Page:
Shutdown impacting immigrants in Austin waiting for court date

"No one's calling anybody! The immigration court is shut down, they're not giving any notices, they're not making phone calls," said Austin immigration Attorney Chito Vela.

Vela has been making phone calls though on behalf of his clients.. to a Federal 1-800 number.

According to the automated voice, due to the "lapse in appropriations and the resulting partial shutdown the 'Executive Office for Immigration Review' is limited to emergency operations. This means that non-detained cases will be postponed and will be rescheduled for a new hearing date," the voice said.  

As for those who are detained, for example someone who has been arrested by ICE at the border and is being held pending an asylum hearing... "Immigration cases for detained immigrants, detained cases are moving forward normally," Vela said.  

But as the voice on the phone said, immigrants who aren't detained will have to wait for their day in court. "Me personally, I have had 4 clients have their cases postponed.  Two of them were just yesterday," he said.

Vela says those hearings were supposed to be in the San Antonio immigration court.  

His clients are just trying to fight deportation.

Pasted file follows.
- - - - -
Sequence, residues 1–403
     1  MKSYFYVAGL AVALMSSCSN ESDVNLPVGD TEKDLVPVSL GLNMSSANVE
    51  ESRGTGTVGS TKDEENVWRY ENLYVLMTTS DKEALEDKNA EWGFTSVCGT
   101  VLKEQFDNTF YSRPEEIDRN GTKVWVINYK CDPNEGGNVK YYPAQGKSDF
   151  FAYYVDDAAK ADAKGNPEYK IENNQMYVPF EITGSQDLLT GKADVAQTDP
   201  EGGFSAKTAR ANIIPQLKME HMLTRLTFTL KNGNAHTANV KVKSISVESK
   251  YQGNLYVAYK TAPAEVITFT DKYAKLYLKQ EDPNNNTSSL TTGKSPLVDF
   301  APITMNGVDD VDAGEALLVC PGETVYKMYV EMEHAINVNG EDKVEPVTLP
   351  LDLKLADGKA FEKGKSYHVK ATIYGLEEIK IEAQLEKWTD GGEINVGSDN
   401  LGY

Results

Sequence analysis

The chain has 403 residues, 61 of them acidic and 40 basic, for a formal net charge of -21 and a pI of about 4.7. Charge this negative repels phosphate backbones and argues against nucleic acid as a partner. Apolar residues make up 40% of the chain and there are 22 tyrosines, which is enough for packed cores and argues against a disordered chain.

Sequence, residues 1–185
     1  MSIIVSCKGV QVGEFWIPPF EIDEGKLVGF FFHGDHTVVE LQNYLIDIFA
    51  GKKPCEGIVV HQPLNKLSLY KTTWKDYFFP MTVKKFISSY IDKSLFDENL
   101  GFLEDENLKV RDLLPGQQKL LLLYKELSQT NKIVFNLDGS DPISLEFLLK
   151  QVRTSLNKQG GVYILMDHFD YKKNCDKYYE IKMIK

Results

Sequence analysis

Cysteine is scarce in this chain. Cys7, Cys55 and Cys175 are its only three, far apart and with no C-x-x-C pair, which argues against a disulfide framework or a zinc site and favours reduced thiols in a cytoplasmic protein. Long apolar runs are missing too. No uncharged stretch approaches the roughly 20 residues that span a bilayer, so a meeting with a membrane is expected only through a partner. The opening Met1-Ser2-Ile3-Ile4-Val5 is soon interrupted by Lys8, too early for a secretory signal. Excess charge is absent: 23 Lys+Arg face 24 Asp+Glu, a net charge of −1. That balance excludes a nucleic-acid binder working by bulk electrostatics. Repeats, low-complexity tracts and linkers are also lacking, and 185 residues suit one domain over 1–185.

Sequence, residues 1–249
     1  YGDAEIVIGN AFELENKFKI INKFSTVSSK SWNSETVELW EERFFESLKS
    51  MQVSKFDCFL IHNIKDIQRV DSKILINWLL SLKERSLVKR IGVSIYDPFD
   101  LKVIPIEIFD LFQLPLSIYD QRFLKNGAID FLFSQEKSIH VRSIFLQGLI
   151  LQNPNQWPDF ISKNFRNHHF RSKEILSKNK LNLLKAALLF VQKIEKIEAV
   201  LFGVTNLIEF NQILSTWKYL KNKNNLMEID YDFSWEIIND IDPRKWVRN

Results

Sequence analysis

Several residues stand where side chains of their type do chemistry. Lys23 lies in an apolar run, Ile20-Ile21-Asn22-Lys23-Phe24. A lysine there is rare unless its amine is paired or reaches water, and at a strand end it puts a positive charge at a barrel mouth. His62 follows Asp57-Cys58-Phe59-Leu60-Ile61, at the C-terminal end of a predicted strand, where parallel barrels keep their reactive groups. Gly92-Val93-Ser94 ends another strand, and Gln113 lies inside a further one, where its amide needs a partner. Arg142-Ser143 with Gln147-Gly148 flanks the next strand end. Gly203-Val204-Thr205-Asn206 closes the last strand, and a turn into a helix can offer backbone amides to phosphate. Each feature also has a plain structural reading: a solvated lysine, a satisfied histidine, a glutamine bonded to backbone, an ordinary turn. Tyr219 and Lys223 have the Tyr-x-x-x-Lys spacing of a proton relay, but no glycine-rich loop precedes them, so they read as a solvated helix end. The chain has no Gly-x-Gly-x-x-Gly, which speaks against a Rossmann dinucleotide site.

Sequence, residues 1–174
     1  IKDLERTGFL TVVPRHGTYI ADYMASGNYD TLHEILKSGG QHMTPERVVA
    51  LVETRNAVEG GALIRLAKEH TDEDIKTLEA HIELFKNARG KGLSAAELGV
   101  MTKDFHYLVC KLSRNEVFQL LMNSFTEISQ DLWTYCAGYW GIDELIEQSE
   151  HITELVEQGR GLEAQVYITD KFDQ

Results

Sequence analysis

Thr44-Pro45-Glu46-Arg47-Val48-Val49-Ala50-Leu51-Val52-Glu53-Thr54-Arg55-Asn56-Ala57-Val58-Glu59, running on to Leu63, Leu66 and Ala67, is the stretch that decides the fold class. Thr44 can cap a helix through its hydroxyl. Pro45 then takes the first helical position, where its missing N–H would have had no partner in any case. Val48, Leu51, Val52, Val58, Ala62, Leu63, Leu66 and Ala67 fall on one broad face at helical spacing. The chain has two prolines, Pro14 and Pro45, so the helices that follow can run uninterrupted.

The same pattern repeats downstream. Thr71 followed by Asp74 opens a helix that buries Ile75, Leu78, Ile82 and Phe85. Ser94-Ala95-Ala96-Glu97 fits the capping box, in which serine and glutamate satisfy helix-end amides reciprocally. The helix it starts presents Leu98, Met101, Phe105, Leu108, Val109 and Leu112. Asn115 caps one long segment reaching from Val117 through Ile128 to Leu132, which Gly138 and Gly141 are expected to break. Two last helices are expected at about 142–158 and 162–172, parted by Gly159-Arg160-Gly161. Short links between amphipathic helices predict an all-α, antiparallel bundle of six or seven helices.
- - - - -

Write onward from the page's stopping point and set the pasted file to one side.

And with these cases being put on the back-burner, Vela says it's adding to a national backlog that's already pretty hefty. "I believe the last I saw, it was at 800,000 pending cases.  I think that will easily go over a million," he said.  

And the wait time?  Vela says if someone walked into his office right now...

"They will probably not have a final hearing on their case until 2021 maybe 2022," Vela said.

The thing is, Vela says these cases are stressful and difficult to win. So his clients are not upset about not having to go to court. "Any kind of time that they can get is time here, working, with their families, with peace of mind so the 4 cases that I had were postponed, all of the clients were very happy to get that phone call from me that we don't have court tomorrow and not to worry about things," he said. 

Vela says it's fair to call the situation a 'double-edged sword.' "Over the long term it's contributing to a more and more dysfunctional immigration system in the United States," he said.  



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